Egypt Q and A: What does this mean for Arab Democratisation?
As the situation unfolds in Egypt, attention turns to the wider implications of military intervention. Jacob Powell speaks to Dr. Larbi Sadiki, a leading scholar in the field of Arab democratisation and a regular contributor to these pages. He has authored two critically acclaimed books on the issue: Arab Democratization: Elections without Democracy (Oxford University Press, 2009) and The Search for Arab Democracy: Discourses and Counter-Discourses (Columbia University Press, 2004).
Jacob Powell: Do you think Egypt is ready for democracy?
Larbi Sadiki: I think the question is not really answerable. The question should be: “where is the infrastructure in place to facilitate democracy?” Democracy is an open-ended game that gets developed over a long time. What we have seen since 2011, - the Egyptian people have the building blocks of democracy enacted through mostly peaceful people’s power displays. We should not engage the question through ‘exceptionalism’, relegating Egypt or Arabs to the realm of ‘non-democracy’, whatever that might be. For example, Chile had its setbacks and Pinochet toppled a democratically elected government in the mid 1970s – mostly with Western backing especially from the US. Several Latin American countries had similar experiences of democratic breakdown with the generals intervening to scupper democratic processes and purge democratic opposition. We cannot forget the Chavista and anti-Chavista In Venezuela. During 2002, Chavez was temporarily ousted by the army, and there were people protesting for and against him.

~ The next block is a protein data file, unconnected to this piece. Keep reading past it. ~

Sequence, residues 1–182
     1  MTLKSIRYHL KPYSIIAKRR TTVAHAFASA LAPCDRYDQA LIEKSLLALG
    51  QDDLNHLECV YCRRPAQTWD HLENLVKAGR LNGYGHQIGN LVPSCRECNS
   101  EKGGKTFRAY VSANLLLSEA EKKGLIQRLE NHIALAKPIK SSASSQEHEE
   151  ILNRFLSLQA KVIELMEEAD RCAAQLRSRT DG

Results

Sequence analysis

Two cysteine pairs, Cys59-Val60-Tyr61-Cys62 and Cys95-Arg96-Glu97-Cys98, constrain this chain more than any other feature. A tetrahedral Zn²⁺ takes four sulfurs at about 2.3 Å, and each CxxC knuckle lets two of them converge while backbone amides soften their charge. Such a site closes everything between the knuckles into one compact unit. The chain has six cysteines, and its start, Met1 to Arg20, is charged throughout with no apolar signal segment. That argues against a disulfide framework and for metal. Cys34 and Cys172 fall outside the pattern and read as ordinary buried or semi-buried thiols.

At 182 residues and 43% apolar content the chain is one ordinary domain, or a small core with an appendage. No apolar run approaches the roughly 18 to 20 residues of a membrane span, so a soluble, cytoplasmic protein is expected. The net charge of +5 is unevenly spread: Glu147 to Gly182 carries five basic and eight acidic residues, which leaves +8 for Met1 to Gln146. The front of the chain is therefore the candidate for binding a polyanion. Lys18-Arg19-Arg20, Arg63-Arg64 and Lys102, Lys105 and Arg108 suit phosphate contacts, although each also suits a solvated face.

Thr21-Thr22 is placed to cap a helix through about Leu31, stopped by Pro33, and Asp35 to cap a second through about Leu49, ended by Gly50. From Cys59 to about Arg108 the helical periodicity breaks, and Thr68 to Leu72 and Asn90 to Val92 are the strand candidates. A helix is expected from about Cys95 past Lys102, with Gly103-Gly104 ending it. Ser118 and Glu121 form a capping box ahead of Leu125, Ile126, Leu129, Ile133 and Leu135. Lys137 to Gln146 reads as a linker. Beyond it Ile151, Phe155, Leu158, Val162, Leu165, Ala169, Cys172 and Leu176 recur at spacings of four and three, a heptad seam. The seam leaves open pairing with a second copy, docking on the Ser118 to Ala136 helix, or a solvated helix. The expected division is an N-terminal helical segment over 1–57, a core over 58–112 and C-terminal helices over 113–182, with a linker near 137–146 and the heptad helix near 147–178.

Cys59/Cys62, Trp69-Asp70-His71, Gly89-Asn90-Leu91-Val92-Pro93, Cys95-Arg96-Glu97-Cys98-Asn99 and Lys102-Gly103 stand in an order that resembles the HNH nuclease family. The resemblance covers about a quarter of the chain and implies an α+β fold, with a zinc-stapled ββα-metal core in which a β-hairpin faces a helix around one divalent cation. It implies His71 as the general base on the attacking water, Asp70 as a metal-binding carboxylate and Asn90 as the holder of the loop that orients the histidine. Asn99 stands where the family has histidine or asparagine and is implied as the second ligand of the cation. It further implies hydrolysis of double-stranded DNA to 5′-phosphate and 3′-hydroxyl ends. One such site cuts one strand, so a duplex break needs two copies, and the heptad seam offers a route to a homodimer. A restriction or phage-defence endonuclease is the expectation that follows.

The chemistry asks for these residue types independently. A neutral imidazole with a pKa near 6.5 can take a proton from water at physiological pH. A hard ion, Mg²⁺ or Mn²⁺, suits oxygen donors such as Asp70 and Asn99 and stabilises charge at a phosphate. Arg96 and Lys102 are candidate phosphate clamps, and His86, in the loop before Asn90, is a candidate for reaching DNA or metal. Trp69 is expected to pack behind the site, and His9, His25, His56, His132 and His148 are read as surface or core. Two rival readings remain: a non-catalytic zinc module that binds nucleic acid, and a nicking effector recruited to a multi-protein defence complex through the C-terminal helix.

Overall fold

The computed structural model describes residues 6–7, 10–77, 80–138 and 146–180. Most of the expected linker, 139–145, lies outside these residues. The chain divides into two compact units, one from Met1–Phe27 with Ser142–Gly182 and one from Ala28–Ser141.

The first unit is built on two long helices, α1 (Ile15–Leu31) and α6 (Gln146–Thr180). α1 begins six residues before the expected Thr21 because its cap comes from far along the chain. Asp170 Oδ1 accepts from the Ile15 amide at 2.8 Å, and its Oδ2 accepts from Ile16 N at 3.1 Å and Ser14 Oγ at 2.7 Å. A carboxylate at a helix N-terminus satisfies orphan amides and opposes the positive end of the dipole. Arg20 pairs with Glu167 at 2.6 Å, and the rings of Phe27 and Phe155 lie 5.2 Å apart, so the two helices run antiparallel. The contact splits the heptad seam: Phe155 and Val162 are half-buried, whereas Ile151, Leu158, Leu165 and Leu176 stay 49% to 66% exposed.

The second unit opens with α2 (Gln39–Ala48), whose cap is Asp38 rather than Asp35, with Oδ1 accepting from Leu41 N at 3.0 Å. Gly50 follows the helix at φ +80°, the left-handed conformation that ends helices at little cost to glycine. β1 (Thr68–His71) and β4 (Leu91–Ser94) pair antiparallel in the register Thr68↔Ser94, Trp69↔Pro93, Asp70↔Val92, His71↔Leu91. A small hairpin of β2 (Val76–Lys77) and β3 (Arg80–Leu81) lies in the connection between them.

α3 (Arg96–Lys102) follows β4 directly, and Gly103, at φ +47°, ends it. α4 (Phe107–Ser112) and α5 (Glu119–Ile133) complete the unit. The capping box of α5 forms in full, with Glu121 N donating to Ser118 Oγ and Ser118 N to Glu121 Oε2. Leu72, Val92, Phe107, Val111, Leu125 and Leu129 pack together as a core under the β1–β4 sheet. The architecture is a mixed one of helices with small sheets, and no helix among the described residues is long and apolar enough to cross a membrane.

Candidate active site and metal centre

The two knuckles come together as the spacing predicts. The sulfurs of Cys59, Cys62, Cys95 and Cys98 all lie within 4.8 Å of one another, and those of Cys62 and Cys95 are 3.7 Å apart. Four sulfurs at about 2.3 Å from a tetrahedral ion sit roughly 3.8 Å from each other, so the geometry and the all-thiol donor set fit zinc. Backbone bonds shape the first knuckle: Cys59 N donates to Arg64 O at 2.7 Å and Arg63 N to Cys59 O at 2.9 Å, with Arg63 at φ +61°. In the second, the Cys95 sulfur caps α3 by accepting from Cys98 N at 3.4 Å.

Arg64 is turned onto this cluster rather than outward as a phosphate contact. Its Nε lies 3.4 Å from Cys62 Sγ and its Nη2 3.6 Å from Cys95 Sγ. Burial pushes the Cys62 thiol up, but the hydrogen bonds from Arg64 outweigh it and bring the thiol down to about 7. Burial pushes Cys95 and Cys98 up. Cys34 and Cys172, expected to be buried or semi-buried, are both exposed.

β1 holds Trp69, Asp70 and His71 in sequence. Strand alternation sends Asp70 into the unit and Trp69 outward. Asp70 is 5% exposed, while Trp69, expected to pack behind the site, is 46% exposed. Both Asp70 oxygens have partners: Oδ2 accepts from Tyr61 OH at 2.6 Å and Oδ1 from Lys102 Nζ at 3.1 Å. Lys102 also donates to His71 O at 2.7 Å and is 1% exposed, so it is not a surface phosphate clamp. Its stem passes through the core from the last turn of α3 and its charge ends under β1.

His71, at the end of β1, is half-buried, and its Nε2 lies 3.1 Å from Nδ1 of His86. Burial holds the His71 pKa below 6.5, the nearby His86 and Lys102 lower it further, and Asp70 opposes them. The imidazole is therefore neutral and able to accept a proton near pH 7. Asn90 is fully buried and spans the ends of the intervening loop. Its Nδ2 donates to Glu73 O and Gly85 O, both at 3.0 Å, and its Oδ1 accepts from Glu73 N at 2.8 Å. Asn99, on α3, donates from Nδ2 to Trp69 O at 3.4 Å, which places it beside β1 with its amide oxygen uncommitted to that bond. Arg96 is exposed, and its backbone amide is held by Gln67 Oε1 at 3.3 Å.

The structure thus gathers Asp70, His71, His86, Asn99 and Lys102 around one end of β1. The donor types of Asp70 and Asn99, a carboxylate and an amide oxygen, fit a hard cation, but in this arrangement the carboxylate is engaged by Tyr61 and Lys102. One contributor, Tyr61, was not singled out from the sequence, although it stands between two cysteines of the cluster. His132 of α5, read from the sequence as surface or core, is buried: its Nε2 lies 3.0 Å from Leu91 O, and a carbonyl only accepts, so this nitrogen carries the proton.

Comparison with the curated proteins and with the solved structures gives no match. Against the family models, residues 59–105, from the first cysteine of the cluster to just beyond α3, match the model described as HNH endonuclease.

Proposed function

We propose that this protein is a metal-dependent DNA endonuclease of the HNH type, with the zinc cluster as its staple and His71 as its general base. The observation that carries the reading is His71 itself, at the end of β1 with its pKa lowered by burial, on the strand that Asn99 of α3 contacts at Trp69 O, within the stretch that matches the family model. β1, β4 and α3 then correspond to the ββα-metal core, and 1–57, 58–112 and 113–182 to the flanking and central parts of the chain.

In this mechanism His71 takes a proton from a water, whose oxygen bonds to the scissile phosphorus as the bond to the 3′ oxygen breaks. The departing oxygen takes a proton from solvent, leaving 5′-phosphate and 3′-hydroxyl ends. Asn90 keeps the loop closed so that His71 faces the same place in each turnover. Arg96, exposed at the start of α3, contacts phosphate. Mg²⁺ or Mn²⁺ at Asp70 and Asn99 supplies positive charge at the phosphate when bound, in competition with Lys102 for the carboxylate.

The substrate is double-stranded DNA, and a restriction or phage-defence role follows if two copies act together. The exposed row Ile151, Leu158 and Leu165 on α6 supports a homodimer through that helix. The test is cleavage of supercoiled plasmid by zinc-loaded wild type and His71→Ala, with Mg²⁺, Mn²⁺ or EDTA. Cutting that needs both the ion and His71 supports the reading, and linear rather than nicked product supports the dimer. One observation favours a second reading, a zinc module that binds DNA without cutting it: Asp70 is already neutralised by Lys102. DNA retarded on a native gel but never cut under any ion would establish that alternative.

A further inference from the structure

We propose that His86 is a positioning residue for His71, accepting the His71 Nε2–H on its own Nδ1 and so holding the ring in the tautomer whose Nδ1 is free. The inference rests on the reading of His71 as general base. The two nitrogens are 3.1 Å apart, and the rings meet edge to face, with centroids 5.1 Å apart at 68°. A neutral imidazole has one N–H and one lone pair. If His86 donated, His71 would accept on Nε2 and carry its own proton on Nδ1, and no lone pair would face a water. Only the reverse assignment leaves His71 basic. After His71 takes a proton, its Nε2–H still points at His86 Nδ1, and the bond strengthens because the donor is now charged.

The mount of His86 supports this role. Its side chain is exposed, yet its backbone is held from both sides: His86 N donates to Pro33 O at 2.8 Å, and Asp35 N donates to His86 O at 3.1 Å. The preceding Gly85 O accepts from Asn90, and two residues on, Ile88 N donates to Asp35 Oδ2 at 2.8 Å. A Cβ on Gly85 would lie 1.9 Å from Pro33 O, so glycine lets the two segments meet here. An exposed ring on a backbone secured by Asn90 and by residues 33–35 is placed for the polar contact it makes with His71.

Closer to home, we cannot forget Algeria 1991-92 and the Palestinian elections of 2006. The common thread is that Islamists choosing the ballot box keep being toppled. The route to democracy is not linear. It is long, complex and fraught with obstacles, embracing both highs and lows. The journey to democracy, past and present, affirms this. I don’t really think Egyptians have something in their character that lends itself to inhospitality to democracy and democratisation. Definitely, what has happened in Egypt has stunted a fledgling democratisation process. I’m pretty sure that the Egyptian people have the means to reclaim their power and restore the democratisation process. However, we cannot massage words about what has happened: a coup is a coup is a coup – be it one which, for now, has been triggered by massive public backing. It is naïve to think Arab uprisings have been solely popular affairs – armies are very much part of the machinations driving ousters of unwanted regimes and presidents, especially in Egypt.